Food For Future #7 – this is a local shop, for local people
HurryTheFoodUp is reader-powered. If you click through using links on our site we may earn a small commission at no cost to you.
Happy Friday, Food Rebels!
It turns out The League of Gentlemen might have been right all along.
Yep, Tubbs and Edward, the friendly, local store-keepers were very peculiar about serving locals.
Alright fine, they were inbred and nuts, but they got one thing right – buy local if you can!
As we covered in Food for Future #5, we can’t be perfect. But we can always do better.
I certainly include myself in that.
I do make very real, conscious efforts to reduce my CO2 footprint where I can – or at least I thought I did.
As I ran into the supermarket last Friday to grab a few apples for the weekend, I threw a Pink Lady (or three) into my basket. I didn’t look any further – the kids love them and they were fresh and crispy.
They were also from New Zealand, as I discovered when I arrived home. New Zealand!
Don’t get me wrong. I’ve no problem with goods from New Zealand. I’ve also no problem with buying imported things when they’re needed.
It’s not always realistic to get what you need locally.
Sometimes you have to buy from abroad. Sometimes what you need just isn’t available where you are, or the import quality is significantly higher.
But buying apples from New Zealand – 18,000 kilometres away from my Hamburg – when I live around the corner from 18 million fruit trees and one of the largest apple orchards in Europe?
I should be ashamed of myself. And I am.
At a rough estimate, shipping accounts for about 18% of air pollutants, and there are over 100,000 transport ships at sea – contributing to between 3.5% – 4% of all climate change emissions.
Other negative effects include devastating oil spills, as well as ballast water (carrying bacteria and viruses) being released into new or fragile ecosystems.
Also, to really rub imported salt into the wound, it seems the efficiency of the ships has actually been deteriorating since the 1980s. What the actual frog?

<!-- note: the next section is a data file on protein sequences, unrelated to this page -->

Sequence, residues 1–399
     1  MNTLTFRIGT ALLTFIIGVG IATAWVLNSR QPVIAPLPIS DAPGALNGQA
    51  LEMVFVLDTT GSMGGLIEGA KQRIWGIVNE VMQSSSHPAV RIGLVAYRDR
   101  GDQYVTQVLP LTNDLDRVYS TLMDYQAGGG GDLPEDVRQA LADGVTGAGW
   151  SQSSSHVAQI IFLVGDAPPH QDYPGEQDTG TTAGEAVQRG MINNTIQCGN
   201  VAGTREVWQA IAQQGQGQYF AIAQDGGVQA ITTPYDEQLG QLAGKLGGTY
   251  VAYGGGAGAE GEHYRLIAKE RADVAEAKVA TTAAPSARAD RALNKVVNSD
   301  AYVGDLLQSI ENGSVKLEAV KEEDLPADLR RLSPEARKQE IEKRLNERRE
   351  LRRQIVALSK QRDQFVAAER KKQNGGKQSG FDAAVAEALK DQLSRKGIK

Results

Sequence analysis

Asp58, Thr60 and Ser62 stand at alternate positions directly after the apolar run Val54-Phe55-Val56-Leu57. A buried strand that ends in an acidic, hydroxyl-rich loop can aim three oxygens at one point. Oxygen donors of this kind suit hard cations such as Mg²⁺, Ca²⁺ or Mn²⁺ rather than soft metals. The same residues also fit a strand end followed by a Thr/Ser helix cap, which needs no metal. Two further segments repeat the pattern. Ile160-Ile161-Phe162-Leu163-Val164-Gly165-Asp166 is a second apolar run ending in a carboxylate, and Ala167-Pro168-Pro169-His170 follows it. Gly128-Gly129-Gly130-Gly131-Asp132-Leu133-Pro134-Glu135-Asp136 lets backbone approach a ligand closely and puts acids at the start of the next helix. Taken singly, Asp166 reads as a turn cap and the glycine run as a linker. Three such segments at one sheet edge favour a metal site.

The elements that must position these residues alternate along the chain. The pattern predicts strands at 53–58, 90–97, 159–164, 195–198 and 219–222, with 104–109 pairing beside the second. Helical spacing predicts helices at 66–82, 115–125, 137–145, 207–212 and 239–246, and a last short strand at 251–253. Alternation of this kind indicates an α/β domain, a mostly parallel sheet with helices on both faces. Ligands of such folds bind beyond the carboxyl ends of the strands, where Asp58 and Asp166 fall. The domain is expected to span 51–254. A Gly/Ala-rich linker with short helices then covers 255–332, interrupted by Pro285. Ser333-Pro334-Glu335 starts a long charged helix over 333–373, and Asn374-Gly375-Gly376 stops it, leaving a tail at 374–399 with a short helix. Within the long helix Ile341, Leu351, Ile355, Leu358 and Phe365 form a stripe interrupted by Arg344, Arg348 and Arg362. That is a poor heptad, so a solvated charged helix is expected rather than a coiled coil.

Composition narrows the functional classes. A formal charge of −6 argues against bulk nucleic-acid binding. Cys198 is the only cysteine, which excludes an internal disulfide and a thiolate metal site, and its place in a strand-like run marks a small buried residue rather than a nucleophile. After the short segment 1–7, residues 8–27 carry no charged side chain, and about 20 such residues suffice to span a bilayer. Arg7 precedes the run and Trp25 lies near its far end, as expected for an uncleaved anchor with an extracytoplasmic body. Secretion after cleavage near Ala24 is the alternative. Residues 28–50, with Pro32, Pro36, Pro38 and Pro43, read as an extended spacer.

The ships are also striking and killing these whales, driving them to the brink of extinction.
It’s clear that something has to change.
Of course, it’s all well and good to swear off shipping completely – but is it realistic?
Take a look around you. So many things were probably made abroad and imported. In fact, if they’re technological, the components were probably all made in different places, shipped somewhere in the middle for assembly and then packed off again.
Unless we abstain from technology completely, it’s probably not feasible to only buy locally.
But that’s ok. It is this writer’s humble opinion that every single change we make, no matter how small, can have an impact.
Just paying a little extra attention to the food around us could make a massive difference.
Three apples from New Zealand? 18,000 kilometres away and shipped by sea? Let’s imagine I swap those apples for ones from just round the corner.
Now let’s imagine a million people do the same. Then ten million. Then a hundred million. You see where I’m going with this.
That’s a lot of apples. And that’s just one example. Imagine we all do the same for a few different foods each week.
It’s clear we can make a difference. So let’s do it.
Fruit for Future
Fruit Salad for Future!
More Fruit Salad for Future!
What difference can one individual make? A lot! Do your part, spread the word and we’ll get there! It might take a while, but every small step is still a step. We’ve got this!
By the way – to stay up to date with Recipes for Future just sign up for the email newsletter below and you’ll be first in line for all the latest news!
Last week we talked about the food industry being evil, and if that is true or not. You can see that argument right here.